She declared this at the launch of 2000 young girls as participants in the adolescent health project for girls organised by the Youth Empowerment and Development Initiative(YEDI), funded by the German government‘s Federal Ministry Economic Cooperation and Development held in Lagos.

The adolescent health project tagged; BMZ Skillz Girls project, strictly for young girls between the ages of 13 and 19. She explained that the reason for rape cases in Nigeria was,“because we have legal system that does not reprimand the perpetrators of rape cases or abuse. Even when they are reprimanded, the punishment is so mild that they buy themselves out.

We have individuals who do not respect their fellow human rights coupled with cultural issues where, if a woman is rapedit is brushed aside or if a girl is raped, gets brushed aside.”

On the collaboration between UNFPA and YEDI, she said, for them in UNFPA, they have worked with YEDI and YEDI’s support for ‘Hello Lagos’ centres. They are centres which provide comprehensive health, friendly services.

“These centres at different places where young people have access to information with all accurate information, on their health, sexual reproductive health unit. If they are not feeling well, they can have access to healthcarefacility and if thereistheneed for referrals, we do provide that,” shesaid. Somefun explained further that it also has to do with societal values and self-esteem.

“Example is the abuse of Codeine that is going around town. It has become an easy drug for youths to take and feel high. So, the fact is that they have easy access to drugs, and their self-esteem is on the high and at this age range young people tend to want to feel high, feel good and they believe that by feeling good and feeling high, you need to use something to enhance your feeling good, but knowing that you can feel good with so many other things, go out with friends watch movies, you don’t have to take drug to enhance your self-esteem.”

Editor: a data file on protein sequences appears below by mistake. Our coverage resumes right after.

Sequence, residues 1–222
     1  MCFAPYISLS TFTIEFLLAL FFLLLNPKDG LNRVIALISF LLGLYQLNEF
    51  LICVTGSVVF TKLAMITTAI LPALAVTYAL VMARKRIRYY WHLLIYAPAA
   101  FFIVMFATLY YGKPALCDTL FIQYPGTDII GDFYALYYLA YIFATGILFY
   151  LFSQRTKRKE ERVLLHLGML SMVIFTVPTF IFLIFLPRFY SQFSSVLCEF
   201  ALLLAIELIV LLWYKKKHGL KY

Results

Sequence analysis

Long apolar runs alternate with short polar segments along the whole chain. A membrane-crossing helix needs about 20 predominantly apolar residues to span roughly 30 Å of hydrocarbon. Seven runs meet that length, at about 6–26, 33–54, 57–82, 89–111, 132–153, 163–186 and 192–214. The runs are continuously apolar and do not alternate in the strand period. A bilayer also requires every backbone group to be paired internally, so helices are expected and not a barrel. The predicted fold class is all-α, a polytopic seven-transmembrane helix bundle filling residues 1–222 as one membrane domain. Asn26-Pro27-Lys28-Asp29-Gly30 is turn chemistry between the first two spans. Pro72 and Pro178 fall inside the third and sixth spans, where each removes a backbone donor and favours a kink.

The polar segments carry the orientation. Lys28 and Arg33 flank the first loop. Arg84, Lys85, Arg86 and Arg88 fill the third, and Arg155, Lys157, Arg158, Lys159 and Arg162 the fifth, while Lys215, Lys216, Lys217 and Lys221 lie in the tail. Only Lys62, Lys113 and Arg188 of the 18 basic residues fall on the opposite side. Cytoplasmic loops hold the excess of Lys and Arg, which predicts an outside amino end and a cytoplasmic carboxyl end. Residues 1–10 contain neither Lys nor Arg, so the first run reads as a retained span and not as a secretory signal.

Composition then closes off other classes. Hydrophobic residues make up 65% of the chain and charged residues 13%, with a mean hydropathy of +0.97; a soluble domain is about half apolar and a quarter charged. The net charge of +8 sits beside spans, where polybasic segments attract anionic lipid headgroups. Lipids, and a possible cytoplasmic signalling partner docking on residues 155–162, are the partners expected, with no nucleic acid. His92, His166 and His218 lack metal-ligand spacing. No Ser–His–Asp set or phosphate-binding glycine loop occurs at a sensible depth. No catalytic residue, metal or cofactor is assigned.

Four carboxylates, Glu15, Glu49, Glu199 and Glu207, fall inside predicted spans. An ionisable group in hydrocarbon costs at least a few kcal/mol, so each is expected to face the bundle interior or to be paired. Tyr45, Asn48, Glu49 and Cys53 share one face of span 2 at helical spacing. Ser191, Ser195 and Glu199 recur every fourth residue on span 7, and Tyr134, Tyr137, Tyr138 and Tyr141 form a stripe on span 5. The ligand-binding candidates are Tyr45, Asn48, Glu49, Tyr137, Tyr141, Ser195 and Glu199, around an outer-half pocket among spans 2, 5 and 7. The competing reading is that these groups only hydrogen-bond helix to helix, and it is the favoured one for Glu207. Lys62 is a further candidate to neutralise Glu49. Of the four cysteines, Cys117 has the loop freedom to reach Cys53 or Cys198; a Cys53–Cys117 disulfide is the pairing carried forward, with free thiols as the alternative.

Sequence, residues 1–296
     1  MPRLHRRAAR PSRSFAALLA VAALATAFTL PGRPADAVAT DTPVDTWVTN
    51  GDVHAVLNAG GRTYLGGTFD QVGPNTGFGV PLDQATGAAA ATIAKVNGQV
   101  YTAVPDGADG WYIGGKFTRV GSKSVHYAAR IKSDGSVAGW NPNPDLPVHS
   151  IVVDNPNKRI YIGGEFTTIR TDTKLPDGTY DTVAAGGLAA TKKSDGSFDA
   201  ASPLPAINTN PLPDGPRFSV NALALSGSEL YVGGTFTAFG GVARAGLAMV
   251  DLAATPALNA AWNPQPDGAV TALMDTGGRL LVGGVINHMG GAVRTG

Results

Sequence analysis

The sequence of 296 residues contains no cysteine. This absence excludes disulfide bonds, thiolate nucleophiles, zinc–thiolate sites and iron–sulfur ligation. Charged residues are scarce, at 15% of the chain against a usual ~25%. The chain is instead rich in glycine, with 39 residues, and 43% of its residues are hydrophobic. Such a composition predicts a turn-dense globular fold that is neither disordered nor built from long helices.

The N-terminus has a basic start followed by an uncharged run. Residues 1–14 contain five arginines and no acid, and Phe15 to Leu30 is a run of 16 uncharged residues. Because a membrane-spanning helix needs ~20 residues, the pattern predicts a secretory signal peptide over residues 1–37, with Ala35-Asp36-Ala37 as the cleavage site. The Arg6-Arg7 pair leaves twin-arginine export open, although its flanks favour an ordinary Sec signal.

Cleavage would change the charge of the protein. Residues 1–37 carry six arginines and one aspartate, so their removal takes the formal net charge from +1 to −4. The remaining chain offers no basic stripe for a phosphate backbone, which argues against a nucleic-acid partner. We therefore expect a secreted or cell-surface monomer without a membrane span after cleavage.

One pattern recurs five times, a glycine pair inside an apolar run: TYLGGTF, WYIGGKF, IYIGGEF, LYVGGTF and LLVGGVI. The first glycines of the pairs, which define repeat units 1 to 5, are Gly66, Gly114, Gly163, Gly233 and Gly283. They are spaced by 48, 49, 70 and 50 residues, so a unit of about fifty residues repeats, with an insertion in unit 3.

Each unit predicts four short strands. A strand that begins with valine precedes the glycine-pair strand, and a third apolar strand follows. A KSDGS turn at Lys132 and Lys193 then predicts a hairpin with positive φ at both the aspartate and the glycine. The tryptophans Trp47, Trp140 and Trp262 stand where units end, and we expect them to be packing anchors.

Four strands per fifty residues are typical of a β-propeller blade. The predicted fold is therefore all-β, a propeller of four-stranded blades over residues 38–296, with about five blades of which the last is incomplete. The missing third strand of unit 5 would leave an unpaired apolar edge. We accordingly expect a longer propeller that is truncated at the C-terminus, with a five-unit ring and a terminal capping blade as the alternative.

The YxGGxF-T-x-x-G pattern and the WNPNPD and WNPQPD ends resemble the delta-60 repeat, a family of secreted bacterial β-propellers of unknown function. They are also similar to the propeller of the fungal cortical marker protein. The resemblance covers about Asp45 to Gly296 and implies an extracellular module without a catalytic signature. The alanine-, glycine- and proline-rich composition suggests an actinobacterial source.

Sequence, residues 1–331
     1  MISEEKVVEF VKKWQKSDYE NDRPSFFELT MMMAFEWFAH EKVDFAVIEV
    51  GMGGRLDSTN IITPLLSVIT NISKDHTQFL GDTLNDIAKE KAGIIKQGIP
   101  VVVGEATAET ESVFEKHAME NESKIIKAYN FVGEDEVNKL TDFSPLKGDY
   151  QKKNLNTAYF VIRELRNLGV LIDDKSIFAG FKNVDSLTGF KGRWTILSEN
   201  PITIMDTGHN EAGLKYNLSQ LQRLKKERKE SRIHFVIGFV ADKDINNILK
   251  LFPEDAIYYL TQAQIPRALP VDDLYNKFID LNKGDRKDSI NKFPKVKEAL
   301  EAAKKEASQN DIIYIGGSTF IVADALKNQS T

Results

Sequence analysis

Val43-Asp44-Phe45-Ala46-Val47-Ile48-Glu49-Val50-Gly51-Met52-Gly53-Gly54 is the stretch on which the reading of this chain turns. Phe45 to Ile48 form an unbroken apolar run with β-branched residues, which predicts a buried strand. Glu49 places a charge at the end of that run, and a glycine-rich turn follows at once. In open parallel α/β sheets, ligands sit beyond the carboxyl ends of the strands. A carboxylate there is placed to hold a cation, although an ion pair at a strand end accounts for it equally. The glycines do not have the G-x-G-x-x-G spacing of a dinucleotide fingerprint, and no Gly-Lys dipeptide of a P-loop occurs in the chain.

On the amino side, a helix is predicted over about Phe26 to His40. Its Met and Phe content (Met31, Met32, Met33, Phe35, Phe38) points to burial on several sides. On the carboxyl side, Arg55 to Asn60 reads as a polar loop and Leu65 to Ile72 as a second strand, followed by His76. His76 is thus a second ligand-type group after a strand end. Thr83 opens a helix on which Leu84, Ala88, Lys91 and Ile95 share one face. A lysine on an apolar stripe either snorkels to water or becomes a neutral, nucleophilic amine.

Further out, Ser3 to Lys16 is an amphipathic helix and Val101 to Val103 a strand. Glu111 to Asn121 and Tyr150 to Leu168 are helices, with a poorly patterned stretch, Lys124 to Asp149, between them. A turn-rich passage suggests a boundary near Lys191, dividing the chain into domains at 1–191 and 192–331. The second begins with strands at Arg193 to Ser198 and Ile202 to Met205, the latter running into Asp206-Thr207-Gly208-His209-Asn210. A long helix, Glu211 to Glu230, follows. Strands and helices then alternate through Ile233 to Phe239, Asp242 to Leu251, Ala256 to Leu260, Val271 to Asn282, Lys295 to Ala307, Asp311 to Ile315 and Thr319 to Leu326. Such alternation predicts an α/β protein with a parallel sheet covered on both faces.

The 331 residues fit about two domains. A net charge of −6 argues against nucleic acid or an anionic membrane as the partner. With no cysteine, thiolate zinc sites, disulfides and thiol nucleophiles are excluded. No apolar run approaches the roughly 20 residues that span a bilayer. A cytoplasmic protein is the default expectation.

She however commended the regulatory agencies, “I will still go back to say that it is because our regulatory agency are trying, but they need to do more because if you go to other countries or other African countries, you can’t just walk into a medicine store and get medication freely. She explained that there must be need for the patient to have a prescription.

“Although, we know that young people have their own issues, if you have a system that is porous that allows easy access in drugs on those that should not have the drugs, it is called why drugs, why use, why prescriber?” Obviously, the country is having people who should not be holding such drugs in their hands without prescription to use it.

On her admonition to youths, “As a young man you don’t have to rape to feel good. Remember that that other person has a right and by raping does not improve your ego or does not make you a man. It only makes you a coward,” Dr. Somefun said. Psychologically, she explained that the youth could be traumatised trauma especially holding onto the pains.

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Mum & Parenting

Between discipline and abuse in marriage